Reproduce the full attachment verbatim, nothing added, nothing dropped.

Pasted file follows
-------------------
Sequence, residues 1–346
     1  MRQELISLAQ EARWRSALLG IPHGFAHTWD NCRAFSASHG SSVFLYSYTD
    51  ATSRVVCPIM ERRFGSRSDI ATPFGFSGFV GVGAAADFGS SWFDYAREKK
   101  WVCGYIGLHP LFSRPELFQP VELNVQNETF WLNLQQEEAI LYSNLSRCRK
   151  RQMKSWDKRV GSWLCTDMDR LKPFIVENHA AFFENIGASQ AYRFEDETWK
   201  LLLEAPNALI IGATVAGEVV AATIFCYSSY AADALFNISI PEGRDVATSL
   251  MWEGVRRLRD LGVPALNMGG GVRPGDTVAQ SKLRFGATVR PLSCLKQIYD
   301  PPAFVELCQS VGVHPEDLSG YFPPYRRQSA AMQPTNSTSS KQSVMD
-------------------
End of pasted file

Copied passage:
Sequence, residues 1–346
     1  MRQELISLAQ EARWRSALLG IPHGFAHTWD NCRAFSASHG SSVFLYSYTD
    51  ATSRVVCPIM ERRFGSRSDI ATPFGFSGFV GVGAAADFGS SWFDYAREKK
   101  WVCGYIGLHP LFSRPELFQP VELNVQNETF WLNLQQEEAI LYSNLSRCRK
   151  RQMKSWDKRV GSWLCTDMDR LKPFIVENHA AFFENIGASQ AYRFEDETWK
   201  LLLEAPNALI IGATVAGEVV AATIFCYSSY AADALFNISI PEGRDVATSL
   251  MWEGVRRLRD LGVPALNMGG GVRPGDTVAQ SKLRFGATVR PLSCLKQIYD
   301  PPAFVELCQS VGVHPEDLSG YFPPYRRQSA AMQPTNSTSS KQSVMD